You Can’t Do That On Television was a sketch TV show, by young amateur actors, in true classic Nickelodeon style. It featured pre-teen and teenaged actors in a sketch comedy format similar to that of the United States Rowan & Martin’s Laugh-In and Saturday Night Live. Each episode had a specific theme normally relating to pop culture of the time. The show was notable for launching the careers of many performers, including alternative rock singer-songwriter Alanis Morissette, and screenwriter Bill Prady.
During the early days of massive cable, “You can’t do that on Television”, was a show that was done in the Ottawa area for a new station in the States called Nickelodeon, which was nothing but this tiny kid’s network at the time.
There were two producers, who will remain nameless, who had success with the show. It was being done locally out of CJOH and Ottawa and they were writing the shows themselves.
Myself, Rick Jones, Daniel Lamont were involved in comedy and we want to be comedians. We wanted to write comedy stuff. At the time we and a whole bunch of other people with comedian backgrounds were brought into a writer’s room by the lead writer Barry McLaughlin. He had done a show called, “Shhh It’s The News,” back in 1968, he was a man who understood comedy.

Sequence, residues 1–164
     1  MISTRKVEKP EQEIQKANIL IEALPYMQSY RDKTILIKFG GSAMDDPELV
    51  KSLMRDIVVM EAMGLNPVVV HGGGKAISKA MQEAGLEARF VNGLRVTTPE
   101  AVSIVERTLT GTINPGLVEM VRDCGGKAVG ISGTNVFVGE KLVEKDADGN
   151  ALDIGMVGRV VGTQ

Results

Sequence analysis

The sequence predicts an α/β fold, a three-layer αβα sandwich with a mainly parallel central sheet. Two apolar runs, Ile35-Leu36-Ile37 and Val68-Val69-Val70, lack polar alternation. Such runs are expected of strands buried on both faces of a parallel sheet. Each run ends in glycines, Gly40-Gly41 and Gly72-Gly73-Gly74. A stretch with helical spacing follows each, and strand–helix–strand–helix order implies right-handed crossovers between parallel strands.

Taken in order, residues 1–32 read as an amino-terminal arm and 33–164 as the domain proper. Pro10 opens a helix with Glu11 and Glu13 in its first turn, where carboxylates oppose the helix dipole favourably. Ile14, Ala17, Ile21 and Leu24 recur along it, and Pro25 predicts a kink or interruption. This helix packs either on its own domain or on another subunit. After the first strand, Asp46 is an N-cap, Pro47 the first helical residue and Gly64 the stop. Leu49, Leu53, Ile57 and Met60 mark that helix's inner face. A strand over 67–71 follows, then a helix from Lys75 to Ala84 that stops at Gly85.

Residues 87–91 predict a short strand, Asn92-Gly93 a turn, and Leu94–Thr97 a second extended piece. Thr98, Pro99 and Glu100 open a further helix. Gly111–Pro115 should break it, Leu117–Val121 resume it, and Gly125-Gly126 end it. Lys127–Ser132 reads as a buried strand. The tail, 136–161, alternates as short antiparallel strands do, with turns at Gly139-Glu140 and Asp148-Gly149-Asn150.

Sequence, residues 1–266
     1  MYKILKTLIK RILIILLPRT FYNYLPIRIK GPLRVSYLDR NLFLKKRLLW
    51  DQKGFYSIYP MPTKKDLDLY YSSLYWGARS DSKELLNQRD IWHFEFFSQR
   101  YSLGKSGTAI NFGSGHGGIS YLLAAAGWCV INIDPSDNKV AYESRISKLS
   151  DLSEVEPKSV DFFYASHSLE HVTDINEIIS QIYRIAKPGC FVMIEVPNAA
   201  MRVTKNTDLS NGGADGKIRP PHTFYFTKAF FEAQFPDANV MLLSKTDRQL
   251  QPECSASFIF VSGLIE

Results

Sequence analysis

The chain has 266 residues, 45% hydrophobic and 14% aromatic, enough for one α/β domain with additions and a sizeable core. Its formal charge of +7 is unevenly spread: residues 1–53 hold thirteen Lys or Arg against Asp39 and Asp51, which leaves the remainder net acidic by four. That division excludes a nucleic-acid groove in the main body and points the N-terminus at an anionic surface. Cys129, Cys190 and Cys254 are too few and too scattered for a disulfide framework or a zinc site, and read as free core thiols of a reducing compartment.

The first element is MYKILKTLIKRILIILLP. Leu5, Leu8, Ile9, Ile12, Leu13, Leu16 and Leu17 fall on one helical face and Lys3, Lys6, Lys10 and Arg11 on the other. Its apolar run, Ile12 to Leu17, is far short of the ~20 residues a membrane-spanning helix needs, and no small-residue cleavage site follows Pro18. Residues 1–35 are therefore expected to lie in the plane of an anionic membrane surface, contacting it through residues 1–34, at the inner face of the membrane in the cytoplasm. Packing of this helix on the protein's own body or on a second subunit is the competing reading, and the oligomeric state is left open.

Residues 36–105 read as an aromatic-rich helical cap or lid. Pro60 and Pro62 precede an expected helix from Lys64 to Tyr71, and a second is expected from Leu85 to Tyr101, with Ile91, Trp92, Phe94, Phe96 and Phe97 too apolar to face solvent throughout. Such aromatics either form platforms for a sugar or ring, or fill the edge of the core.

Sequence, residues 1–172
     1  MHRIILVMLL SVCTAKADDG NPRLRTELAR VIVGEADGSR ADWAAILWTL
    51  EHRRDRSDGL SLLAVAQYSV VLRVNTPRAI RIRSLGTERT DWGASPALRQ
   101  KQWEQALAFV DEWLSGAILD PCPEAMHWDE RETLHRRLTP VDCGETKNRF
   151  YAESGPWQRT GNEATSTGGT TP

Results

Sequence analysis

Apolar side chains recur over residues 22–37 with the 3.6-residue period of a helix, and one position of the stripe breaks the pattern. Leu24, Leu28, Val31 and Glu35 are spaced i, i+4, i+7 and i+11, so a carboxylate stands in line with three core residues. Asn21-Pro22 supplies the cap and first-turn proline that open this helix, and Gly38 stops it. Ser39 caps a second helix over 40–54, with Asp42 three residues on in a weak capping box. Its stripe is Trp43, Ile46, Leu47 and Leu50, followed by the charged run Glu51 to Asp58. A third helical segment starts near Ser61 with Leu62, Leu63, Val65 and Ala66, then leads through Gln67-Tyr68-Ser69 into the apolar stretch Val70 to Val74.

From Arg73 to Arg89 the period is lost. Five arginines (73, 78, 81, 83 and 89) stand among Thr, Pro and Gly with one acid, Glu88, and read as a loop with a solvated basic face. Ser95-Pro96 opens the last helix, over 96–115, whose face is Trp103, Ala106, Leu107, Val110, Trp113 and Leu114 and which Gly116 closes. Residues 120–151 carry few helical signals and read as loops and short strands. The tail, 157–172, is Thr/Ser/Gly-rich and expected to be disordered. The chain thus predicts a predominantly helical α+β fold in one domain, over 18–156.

We all started writing bits for, “You Can’t do that on Television,”. The idea was we had to come up with themes, like “doctors,” and within that theme, there was a formula we had to follow in these sketches. We had to do two slime sketches with the punchline. “I don’t know,” and then the kids would get slimed – it would be about a half hour.
Over time most of the other 10-12 other writers fell away. Myself, Rick, and Dan ended up being the go-to people for these particular seasons on “We Can’t do that on television.” Rick eventually went on his own way and Dan and I continued writing for the show. We ended up writing somewhere between 13 and 25 episodes. Every week we would come in with a pitch for that week of the show. We would pitch our idea and they would give us the go-ahead.
The show was a half hour and each of the sketches only lasted 30 seconds, so we would write approximately 60 bits per show.
We would bring the script to the producer, who would read through it and tell us which bits would stay or which sketches we should take out.
What we didn’t know what that the producers would put the sketches back in, take the head writing credit, and pocket $1,200. Leaving the two of us with only $900.
The budget per episode at the time was $3,000.
Derek's Role: Writer